NeuroCognitive Imaging Lab at Dalhousie University

Reading Development

Project Rationale

One of the most valuable skills we learn is how to read. Reading skill is essential for academic and career success. For some children, learning to read is a challenging task, and this begs the question: Why are some children stronger readers than others? Being able to understand individual differences in reading development provides the opportunity to design better reading education programs that provide personalised teaching strategies for individual children’s needs.

What do we already know?

Past literature suggests that an early indicator of reading ability is how precisely individual words are represented in the brain. That is, individuals who read fluently would have distinct representations of each word in their brain. Previously, using electroencephalography (EEG), we found that more differentiated brain responses to individual words were associated with stronger reading ability.

Overview of the Current Study

To build on previous research examining the relationships between brain activity and reading ability, the present study is a 2-year longitudinal study. Children from grades 2 and 3 are recruited and participation lasts until they are in Grades 4 and 5. We’ll conduct one neuroimaging session to examine their neural activity patterns in response to individual words and multiple reading assessments over the two years. With neuroimaging tools, and behavioural measures of reading ability, we can then investigate if more differentiated brain responses, to different words, are related to better reading skill.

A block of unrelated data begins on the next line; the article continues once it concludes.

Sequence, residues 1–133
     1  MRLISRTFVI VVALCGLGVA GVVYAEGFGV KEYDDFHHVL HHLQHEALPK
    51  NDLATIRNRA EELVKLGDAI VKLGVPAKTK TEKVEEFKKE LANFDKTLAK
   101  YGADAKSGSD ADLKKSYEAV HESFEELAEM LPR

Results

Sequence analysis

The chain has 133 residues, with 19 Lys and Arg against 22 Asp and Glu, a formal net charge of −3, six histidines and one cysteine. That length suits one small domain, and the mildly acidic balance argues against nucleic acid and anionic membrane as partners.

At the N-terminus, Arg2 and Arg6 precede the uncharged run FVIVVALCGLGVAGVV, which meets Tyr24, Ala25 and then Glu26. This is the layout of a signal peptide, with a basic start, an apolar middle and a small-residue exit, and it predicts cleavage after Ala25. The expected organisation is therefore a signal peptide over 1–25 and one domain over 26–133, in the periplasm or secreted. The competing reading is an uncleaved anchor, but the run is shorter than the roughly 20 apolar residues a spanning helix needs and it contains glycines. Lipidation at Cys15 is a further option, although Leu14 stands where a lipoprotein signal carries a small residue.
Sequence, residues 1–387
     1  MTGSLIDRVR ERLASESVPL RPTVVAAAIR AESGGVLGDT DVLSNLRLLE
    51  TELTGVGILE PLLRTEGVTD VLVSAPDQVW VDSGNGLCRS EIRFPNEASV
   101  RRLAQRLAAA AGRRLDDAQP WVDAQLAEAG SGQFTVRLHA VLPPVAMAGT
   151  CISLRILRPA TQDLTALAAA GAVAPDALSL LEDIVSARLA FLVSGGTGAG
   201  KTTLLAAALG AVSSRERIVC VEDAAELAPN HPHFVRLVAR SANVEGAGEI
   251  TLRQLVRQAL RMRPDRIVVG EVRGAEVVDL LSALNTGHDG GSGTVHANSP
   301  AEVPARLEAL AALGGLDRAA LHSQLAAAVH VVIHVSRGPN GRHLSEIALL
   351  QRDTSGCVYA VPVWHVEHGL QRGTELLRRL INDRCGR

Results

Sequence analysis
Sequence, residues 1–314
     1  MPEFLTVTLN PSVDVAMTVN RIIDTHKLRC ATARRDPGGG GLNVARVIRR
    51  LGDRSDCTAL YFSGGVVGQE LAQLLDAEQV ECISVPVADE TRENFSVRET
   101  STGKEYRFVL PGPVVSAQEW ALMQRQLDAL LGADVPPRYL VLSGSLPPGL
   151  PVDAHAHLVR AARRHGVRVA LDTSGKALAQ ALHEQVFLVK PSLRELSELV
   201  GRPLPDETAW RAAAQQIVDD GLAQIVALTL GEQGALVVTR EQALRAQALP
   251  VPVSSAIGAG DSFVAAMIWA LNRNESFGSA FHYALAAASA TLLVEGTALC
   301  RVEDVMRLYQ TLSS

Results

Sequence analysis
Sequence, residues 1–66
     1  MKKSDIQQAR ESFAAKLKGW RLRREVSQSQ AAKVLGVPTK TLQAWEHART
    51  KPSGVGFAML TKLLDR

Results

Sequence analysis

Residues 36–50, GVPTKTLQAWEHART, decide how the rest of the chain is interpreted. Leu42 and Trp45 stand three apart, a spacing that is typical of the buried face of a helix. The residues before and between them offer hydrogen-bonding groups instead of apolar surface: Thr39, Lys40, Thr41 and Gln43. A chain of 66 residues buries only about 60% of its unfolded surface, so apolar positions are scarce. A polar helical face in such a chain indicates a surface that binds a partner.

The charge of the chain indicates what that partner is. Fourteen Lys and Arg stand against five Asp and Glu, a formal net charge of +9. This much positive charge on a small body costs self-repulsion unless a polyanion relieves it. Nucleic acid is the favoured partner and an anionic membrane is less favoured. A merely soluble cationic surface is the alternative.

The goal of this study is to investigate the relationship between reading skills and children’s brain responses to words, so that we can better understand how individual differences in brain activity relate to children’s future reading abilities.

Current State of the Study

We plan to resume data collection in the autumn of 2023. If you would like more information on participating or volunteering in this study, please contact us at [email protected].


This project is funded by the Social Science and Humanities Reseaerch Council (SSHRC).